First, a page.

hanuman's picture

For some reason this album got an audiophile reputation at the time and clearly this contiunues today with this re-issue along with the WB release of a couple of years ago. The CD never sounded that special, frankly, and I don't think it really deserved another re-mastering after the WB release. "Making Movies" and "Love over Gold" are both seriously better sounding. Has MoFi done those in double-45? If they haven't they should.

Paul Boudreau's picture

I would love to see those two given the deluxe-reissue treatment.

dobyblue's picture

But the all analogue Bernie Grunman cuts released by WB in 2009 are so bloody perfect already. Sure I'd buy them again, but when you can get AAA bliss pressed at Pallas still in stock at most places for 24.95 - 26.95 it's a no brainer.

Martin's picture

"Mastered from the original master tapes, and possessing a richness befitting the album’s stellar reputation, Mobile Fidelity’s numbered limited-edition hybrid SACD of Brothers In Arms breathes with transparent highs, atmospheric heft, and lifelike tonalities. The sense of realism this edition delivers will leave slack-jawed even the most hard-to-please audiophiles. As the recipient of the Grammy for Best-Engineered Recording, the album has always been a go-to sonic standard, but never has it sounded so reach-out-and-touch-it realistic as it does here. All of the hallmark characteristics—ample spaciousness, ideal balances, widescreen dynamics, immersive depth, lush production—are here in spades. As is music-making of enviable proportions. "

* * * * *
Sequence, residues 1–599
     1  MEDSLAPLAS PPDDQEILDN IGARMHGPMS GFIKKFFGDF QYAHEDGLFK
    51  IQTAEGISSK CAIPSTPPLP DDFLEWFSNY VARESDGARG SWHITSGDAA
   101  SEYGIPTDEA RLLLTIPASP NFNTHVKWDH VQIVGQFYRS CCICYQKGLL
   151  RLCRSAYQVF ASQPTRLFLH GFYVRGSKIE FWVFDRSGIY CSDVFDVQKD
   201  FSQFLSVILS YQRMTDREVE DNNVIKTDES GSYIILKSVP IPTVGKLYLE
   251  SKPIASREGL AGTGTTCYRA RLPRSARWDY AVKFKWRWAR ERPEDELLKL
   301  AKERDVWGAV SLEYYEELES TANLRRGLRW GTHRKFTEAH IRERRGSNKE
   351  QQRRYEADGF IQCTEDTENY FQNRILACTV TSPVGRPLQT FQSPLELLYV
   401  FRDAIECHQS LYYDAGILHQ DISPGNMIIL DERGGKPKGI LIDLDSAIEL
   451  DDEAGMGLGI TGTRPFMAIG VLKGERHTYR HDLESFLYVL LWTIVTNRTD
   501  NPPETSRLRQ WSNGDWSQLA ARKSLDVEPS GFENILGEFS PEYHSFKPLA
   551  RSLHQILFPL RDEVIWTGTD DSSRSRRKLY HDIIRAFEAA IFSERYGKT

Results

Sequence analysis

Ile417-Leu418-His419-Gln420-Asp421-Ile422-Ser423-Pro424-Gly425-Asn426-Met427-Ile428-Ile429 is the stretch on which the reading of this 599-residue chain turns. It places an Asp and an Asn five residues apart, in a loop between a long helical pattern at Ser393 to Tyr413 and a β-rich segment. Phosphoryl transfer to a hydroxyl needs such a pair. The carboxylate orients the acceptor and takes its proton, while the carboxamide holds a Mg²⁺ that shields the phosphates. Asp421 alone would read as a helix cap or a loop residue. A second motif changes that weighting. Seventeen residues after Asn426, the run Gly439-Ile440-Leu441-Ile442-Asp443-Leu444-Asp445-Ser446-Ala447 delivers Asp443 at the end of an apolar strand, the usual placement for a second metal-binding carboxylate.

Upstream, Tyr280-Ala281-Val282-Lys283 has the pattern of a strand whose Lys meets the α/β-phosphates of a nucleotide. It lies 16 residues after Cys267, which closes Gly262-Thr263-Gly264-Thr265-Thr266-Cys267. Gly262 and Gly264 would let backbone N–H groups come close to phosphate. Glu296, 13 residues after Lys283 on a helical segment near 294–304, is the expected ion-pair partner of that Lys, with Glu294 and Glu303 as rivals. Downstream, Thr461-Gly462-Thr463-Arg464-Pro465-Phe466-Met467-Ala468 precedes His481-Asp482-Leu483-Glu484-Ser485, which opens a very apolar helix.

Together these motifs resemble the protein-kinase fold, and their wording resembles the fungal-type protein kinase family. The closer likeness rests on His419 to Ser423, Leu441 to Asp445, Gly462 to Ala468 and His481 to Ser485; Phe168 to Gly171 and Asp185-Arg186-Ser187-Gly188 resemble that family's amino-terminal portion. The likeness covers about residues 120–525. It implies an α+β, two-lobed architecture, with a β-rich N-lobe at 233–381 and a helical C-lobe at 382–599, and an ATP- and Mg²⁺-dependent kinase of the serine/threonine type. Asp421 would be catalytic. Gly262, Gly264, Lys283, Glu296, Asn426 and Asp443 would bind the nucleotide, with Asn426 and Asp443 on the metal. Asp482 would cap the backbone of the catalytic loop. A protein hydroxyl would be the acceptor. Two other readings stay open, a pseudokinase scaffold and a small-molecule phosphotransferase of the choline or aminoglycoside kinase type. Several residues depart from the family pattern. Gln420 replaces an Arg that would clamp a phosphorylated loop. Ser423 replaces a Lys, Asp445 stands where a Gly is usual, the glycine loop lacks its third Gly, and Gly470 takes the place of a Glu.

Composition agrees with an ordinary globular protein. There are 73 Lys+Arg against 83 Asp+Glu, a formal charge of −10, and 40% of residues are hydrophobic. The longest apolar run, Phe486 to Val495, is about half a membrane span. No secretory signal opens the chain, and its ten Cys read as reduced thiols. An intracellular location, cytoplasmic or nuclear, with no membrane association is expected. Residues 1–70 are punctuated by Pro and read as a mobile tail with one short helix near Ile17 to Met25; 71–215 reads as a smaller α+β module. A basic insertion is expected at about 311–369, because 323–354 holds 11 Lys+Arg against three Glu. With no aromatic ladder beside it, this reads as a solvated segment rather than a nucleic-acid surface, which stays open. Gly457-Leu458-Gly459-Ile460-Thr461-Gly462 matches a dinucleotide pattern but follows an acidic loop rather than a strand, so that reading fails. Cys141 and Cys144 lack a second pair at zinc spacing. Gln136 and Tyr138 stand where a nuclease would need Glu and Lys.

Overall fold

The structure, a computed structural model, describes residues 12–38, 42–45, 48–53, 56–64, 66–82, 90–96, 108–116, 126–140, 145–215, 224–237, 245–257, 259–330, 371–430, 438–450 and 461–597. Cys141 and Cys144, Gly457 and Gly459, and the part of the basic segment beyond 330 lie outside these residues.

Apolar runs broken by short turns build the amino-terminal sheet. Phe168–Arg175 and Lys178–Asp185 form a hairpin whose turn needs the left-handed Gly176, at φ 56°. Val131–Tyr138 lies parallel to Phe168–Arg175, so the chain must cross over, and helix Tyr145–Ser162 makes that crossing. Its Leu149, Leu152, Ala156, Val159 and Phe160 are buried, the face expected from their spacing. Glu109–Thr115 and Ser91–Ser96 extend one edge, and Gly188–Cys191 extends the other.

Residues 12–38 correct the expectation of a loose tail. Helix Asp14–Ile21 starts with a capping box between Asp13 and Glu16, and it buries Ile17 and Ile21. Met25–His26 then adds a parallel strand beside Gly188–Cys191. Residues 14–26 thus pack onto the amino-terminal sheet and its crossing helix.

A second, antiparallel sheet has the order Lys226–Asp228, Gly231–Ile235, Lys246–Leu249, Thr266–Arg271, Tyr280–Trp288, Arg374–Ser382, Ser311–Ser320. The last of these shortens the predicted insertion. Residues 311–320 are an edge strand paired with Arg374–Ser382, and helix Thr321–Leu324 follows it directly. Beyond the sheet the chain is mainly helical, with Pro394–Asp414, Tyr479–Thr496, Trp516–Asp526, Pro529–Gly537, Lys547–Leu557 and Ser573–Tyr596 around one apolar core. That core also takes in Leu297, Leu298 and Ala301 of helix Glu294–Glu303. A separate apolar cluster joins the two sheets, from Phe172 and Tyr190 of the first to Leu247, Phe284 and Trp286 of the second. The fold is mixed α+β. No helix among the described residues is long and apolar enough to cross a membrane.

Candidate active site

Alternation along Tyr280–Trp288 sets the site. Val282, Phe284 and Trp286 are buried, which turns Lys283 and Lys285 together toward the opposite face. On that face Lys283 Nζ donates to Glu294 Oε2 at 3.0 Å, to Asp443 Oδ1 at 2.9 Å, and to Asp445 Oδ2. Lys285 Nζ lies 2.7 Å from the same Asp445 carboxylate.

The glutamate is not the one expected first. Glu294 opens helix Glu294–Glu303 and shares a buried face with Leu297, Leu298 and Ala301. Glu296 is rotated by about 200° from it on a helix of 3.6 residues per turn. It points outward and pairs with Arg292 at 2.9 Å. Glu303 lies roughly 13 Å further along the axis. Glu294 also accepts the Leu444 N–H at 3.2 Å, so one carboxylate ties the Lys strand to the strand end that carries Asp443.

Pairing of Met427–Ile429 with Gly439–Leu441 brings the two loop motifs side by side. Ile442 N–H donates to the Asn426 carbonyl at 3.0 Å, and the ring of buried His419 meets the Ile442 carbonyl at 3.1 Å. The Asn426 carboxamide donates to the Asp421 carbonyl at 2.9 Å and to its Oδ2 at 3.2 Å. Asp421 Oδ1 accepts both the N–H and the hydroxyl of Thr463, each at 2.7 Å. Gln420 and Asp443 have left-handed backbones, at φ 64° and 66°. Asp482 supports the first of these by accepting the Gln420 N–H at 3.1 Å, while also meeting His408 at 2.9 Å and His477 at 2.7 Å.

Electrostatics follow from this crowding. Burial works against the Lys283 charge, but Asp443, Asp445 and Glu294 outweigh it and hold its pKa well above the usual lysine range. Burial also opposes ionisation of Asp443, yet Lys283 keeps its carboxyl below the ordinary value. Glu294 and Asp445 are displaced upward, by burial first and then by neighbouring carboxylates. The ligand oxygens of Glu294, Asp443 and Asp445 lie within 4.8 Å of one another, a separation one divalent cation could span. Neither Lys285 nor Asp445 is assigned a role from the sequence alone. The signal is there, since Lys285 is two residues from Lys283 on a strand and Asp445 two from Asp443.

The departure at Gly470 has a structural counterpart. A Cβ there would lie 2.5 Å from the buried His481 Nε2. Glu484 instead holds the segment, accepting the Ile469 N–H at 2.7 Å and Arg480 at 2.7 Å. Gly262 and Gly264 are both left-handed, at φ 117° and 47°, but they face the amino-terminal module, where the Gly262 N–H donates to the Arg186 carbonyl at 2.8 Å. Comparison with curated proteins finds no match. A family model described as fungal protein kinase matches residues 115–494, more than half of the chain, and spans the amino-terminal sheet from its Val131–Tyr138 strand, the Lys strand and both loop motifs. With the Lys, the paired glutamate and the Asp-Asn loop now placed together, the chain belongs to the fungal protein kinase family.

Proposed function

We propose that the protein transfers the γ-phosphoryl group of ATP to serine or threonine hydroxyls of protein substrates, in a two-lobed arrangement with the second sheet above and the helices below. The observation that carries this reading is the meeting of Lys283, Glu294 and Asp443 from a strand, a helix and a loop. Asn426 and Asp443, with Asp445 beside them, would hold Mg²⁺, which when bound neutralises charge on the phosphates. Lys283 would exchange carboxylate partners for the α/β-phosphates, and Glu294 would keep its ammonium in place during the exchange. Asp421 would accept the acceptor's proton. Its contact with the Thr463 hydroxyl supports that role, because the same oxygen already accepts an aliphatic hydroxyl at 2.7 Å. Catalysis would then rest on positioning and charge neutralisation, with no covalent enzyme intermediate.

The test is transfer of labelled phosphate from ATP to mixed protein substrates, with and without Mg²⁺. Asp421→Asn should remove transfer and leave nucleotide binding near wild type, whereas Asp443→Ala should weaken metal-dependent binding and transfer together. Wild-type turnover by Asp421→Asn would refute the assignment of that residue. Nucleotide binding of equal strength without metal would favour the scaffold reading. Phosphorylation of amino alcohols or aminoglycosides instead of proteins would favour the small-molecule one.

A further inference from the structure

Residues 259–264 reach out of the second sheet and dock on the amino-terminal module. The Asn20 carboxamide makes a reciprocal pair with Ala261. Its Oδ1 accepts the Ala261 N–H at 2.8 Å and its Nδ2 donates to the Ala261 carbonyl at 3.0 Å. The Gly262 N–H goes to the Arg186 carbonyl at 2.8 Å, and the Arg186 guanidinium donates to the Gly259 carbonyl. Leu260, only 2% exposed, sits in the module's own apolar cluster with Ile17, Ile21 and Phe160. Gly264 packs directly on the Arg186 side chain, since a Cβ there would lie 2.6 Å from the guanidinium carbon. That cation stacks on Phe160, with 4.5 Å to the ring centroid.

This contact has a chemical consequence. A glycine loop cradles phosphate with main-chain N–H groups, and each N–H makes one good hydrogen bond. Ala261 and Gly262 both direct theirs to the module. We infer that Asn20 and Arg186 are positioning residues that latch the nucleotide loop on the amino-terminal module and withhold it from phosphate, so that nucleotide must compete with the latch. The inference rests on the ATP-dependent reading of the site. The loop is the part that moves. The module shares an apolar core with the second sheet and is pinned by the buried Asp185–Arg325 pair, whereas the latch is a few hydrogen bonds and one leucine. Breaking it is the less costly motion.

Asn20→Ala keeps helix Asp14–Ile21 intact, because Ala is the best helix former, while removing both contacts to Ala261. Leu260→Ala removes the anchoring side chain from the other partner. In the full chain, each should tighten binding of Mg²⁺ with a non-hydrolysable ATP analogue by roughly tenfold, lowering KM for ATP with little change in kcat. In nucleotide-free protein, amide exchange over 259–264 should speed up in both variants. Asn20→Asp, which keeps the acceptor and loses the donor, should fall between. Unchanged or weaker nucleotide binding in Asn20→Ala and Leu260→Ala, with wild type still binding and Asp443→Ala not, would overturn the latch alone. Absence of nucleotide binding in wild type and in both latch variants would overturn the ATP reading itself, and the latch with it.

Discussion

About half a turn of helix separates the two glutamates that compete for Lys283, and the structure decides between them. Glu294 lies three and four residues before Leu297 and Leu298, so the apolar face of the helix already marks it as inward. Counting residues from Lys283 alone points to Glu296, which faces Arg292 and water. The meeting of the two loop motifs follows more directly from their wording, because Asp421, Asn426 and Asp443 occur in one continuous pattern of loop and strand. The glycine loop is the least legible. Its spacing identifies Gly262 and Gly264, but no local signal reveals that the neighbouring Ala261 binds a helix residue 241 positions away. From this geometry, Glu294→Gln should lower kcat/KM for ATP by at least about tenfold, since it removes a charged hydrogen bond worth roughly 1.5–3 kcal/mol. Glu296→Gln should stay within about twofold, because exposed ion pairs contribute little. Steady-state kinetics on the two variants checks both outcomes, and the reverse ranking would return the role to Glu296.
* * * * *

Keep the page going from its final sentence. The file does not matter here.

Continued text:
Taking journalistic licence to new heights.
A slight embellishment of the truth.
I wonder what he and everyone was smoking.

I've always loved the music on this, it's great. But I've never been a fan of the sound. It's flat, two dimensional and bright and listening to the whole album left me feeling nervous and edgy.
That said, I will be springing for the MoFi SACD. That I think is a bargain for this one.
But not the vinyl. Two slabs of 45 rpm vinyl for a 44.1k/16 bit recording?
Money for Nothing.

Michael Fremer's picture
Reduces the flatness and edginess and might leave you less nervous. Even if that's due to a "euphonic coloration", why would you care. The bottom line is how it sounds.
Bigrasshopper's picture

Surely someone here who has the MFSL version at 331/3 will also have felt compiled to try the 45. Is anyone willing to share their experience for those who those who do not have both. My only complaint with the recording is the almost pervasive and fatiguingly relentless "drum machine " like pace keeper, that is what I think MF is referring to the Syth. sound that was produced to sound that way, stands out like a papier-mâché sore thumb against all that oceanic reverb. Besides that, I think it's hard to fuck up a good recording. But I have an academic curiosity if the 45 exposes the shortcomings while enhancing the juicier portions so that it ends up being a sort of relative wash between the two ? The 331/3 MFSL was cut by an SR / 2@SRM while newer stuff is KW@MoFi. They may have also made some equipment changes since then, and since Meitner is always credited, I had assumed that was the D to A and A to D ?